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Saturday, June 5, 2010

Sotomayor on the Right to Remain Silent

The newest Supreme Court justice, Sonia Sotomayor, deserves credit for boldly standing up for Americans' classic right to remain silent under the Fifth Amendment in her dissent in the recent ruling in Berghuis v. Thompson.   (You can read the decision here; her dissent starts at page 24.)  The Court, in a 5-4 vote, ruled that you cannot invoke your right to remain silent by remaining silent, but must speak it. In other words, you must declare your assertion of the right -- and depend entirely on the honesty of your listeners to acknowledge and respect your right.

A right which depends on the fidelity and integrity of those empowered and tempted to ignore it, is no right at all.  It becomes discretionary, arbitrary, and terribly susceptible to gross abuse.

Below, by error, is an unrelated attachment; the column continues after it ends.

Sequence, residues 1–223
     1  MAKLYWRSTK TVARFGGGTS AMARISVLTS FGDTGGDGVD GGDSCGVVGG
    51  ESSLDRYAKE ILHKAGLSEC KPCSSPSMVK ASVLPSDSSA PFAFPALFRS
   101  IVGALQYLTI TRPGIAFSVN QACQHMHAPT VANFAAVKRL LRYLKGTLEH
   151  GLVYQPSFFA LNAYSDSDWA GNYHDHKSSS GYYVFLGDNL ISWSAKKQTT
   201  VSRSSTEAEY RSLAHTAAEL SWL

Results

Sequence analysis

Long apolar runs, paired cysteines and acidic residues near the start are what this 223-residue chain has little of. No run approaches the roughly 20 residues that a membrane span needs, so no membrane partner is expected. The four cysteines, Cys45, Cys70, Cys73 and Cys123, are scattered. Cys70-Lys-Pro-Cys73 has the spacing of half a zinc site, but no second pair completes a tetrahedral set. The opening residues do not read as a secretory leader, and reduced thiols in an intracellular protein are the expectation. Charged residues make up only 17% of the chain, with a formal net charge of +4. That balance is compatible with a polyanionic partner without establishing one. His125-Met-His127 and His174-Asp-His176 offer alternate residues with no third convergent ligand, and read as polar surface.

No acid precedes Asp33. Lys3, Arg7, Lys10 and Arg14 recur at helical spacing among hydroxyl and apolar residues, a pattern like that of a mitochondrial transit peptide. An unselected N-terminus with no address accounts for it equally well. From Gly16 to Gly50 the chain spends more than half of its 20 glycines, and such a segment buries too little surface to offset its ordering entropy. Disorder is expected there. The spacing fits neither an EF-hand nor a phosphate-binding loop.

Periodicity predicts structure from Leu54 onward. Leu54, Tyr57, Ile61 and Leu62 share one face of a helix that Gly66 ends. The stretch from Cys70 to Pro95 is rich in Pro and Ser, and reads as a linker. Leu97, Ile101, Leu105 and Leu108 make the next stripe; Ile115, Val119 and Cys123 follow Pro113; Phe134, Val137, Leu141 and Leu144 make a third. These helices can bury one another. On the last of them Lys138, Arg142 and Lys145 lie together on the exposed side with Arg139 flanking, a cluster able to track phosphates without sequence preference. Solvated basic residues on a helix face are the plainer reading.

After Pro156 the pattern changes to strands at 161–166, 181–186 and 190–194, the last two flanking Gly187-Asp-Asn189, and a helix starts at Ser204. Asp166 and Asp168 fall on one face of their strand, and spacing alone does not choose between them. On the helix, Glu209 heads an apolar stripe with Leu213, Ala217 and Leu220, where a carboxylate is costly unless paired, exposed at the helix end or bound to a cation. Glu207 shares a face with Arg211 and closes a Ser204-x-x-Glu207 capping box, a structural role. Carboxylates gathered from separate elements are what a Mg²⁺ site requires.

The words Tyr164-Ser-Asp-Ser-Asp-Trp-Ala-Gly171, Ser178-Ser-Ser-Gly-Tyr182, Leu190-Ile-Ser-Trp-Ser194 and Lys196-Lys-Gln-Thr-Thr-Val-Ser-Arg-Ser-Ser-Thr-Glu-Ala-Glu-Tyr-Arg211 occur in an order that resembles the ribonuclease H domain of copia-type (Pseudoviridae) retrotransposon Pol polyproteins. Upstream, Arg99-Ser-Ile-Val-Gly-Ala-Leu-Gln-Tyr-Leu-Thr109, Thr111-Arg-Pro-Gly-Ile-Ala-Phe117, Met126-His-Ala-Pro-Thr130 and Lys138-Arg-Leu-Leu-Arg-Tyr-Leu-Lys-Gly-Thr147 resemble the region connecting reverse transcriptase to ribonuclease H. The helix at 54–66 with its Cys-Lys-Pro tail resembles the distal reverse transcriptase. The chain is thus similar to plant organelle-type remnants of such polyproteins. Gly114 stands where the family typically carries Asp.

This equates to: trust us, we'll report that you invoked your right.   Sure we will.

All Americans' Constitutional rights got considerably reduced and all Americans are now at risk of government abuse.  (And in fairness, police also suffer as well, as this ruling invites more questions, and more allegations of abuse, and will call into question more actions of perfectly law-abiding officers.)  
 
This decision should be rectified by Congress promptly.

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